Marshal of the Royal Air Force Sir Arthur Travers Harris, 1st Baronet, (13 April 1892 – 5 April 1984), commonly known as "Bomber" Harris by the press and often within the RAF as "Butcher" Harris, was Air Officer Commanding-in-Chief (AOC-in-C) RAF Bomber Command during the height of the Anglo-American strategic bombing campaign against Nazi Germany in the Second World War. In 1942, the British Cabinet agreed to the "area bombing" of German cities. Harris was given the task of implementing Churchill's policy and supported the development of tactics and technology to perform the task more effectively. Harris assisted British Chief of the Air Staff Marshal of the Royal Air Force Charles Portal in carrying out the United Kingdom's most devastating attacks against the German infrastructure and

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dbo:abstract
  • Marshal of the Royal Air Force Sir Arthur Travers Harris, 1st Baronet, (13 April 1892 – 5 April 1984), commonly known as "Bomber" Harris by the press and often within the RAF as "Butcher" Harris, was Air Officer Commanding-in-Chief (AOC-in-C) RAF Bomber Command during the height of the Anglo-American strategic bombing campaign against Nazi Germany in the Second World War. In 1942, the British Cabinet agreed to the "area bombing" of German cities. Harris was given the task of implementing Churchill's policy and supported the development of tactics and technology to perform the task more effectively. Harris assisted British Chief of the Air Staff Marshal of the Royal Air Force Charles Portal in carrying out the United Kingdom's most devastating attacks against the German infrastructure and population, including the Bombing of Dresden. Harris emigrated to Southern Rhodesia in 1910, aged 17, but returned to England in 1915 to fight in the European theatre of the First World War. He joined the Royal Flying Corps, with which he remained until the formation of the Royal Air Force in 1918, and he remained in the Air Force through the 1920s and 1930s, serving in India, Mesopotamia, Persia, Egypt, Palestine, and elsewhere. At the outbreak of the Second World War in 1939, Harris took command of No. 5 Group RAF in England, and in February 1942 was appointed head of Bomber Command. He retained that position for the rest of the war. After the war Harris moved to South Africa where he managed the South African Marine Corporation. Harris's continued preference for area bombing over precision targeting remains controversial, partly because many senior Allied air commanders thought it less effective and partly for the large number of civilian casualties and destruction this strategy caused in Continental Europe. (en)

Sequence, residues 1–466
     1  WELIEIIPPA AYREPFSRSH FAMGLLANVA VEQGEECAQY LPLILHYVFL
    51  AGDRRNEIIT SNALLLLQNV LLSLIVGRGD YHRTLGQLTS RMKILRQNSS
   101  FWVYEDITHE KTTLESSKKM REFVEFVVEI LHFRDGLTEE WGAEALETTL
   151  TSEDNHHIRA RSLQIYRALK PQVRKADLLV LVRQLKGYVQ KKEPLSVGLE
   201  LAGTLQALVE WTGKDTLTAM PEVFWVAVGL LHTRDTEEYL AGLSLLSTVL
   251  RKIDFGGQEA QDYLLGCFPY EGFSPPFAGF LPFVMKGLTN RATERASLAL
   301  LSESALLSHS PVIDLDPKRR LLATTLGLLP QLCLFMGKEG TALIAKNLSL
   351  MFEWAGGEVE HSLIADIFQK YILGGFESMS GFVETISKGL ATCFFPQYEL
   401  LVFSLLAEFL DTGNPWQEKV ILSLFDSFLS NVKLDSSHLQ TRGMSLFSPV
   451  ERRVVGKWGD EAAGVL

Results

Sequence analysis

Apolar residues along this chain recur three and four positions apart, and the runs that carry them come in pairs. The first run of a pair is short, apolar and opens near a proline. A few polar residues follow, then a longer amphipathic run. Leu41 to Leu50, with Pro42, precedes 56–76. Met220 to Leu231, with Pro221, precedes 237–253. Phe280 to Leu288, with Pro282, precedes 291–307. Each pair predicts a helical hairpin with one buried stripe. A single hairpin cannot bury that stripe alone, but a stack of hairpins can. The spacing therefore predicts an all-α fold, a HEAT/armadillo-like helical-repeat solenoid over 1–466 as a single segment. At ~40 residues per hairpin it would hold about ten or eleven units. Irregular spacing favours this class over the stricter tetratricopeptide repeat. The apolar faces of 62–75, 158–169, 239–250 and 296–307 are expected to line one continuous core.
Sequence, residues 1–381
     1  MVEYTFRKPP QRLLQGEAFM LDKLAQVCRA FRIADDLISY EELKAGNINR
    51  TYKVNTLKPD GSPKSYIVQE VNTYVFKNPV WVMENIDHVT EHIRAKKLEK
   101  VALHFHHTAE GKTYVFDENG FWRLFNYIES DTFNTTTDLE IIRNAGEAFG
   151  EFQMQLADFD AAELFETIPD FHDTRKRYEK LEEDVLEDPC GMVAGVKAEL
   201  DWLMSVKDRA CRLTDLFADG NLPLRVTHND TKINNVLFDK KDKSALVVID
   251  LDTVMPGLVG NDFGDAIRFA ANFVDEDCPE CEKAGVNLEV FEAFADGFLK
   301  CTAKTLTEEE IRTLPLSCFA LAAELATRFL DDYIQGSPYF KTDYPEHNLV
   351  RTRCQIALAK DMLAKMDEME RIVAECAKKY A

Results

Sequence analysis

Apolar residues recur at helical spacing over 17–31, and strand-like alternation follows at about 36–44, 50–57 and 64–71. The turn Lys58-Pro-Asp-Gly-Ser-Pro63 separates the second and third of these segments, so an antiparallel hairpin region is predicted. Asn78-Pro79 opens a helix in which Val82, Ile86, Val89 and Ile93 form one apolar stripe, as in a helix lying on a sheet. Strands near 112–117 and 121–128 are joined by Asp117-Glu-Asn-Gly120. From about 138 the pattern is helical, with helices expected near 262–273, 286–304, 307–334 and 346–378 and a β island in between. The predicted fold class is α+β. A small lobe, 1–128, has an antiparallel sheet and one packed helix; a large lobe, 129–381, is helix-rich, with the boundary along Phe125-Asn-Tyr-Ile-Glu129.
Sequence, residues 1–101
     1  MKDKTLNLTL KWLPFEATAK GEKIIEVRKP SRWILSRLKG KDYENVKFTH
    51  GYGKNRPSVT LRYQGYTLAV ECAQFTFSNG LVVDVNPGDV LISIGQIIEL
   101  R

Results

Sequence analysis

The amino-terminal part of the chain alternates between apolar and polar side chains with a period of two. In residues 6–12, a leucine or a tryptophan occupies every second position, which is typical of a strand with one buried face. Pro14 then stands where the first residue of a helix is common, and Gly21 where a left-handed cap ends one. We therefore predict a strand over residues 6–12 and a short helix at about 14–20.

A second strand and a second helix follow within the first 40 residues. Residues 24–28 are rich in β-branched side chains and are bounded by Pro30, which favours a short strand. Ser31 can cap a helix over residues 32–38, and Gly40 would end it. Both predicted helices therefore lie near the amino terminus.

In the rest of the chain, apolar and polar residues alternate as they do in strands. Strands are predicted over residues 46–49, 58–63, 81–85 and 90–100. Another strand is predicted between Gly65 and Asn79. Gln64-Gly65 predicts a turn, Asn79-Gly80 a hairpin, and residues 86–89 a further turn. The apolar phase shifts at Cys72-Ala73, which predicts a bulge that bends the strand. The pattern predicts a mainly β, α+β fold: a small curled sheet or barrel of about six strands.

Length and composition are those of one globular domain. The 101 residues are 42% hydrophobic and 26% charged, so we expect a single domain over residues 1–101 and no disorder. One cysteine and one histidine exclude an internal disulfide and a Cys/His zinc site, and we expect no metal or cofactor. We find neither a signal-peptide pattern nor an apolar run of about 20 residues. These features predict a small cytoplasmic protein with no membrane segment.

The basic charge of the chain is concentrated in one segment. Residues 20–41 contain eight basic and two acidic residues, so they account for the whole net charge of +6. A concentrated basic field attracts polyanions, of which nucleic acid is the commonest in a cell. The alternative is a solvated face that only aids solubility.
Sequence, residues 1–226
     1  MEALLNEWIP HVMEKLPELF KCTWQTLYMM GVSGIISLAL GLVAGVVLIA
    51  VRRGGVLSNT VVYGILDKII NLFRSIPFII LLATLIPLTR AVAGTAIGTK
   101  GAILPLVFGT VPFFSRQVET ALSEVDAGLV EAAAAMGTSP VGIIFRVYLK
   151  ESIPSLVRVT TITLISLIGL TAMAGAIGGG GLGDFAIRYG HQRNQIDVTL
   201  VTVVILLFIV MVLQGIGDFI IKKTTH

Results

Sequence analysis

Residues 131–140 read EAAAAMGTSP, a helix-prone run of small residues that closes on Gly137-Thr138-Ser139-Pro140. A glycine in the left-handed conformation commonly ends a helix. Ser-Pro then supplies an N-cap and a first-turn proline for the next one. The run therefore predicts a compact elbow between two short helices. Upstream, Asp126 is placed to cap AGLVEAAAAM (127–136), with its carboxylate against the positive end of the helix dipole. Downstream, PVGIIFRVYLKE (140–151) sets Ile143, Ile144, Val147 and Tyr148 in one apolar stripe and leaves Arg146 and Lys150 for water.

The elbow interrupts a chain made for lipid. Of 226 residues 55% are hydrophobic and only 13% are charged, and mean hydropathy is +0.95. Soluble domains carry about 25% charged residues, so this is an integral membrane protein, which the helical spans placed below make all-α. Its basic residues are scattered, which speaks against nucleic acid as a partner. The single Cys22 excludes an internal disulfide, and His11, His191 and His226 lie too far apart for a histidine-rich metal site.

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  • United Kingdom
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  • Bomber Command(1942–45)
  • No. 191 Squadron(1918)
  • No. 210 Squadron(1933)
  • No. 31 Squadron(1921–22)
  • No. 4 Group(1937–38)
  • No. 44 Squadron(1918)
  • No. 45 Squadron(1922–24)
  • No. 5 Group(1939–40)
  • No. 50 Squadron(1918–19)
  • No. 58 Squadron(1925–27)
  • RAF Palestine and Transjordan(1938–39)
  • RAF Pembroke Dock(1933)
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  • 1914-01-01 (xsd:date)
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  • 2019-10-20 12:39:50Z (xsd:date)
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  • Marshal of the Royal Air Force Sir Arthur Travers Harris, 1st Baronet, (13 April 1892 – 5 April 1984), commonly known as "Bomber" Harris by the press and often within the RAF as "Butcher" Harris, was Air Officer Commanding-in-Chief (AOC-in-C) RAF Bomber Command during the height of the Anglo-American strategic bombing campaign against Nazi Germany in the Second World War. In 1942, the British Cabinet agreed to the "area bombing" of German cities. Harris was given the task of implementing Churchill's policy and supported the development of tactics and technology to perform the task more effectively. Harris assisted British Chief of the Air Staff Marshal of the Royal Air Force Charles Portal in carrying out the United Kingdom's most devastating attacks against the German infrastructure and (en)
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  • Sir Arthur Harris, 1st Baronet (en)
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  • male (en)
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  • Sir Arthur Harris, 1st Baronet (en)
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  • Bomber Harris (en)
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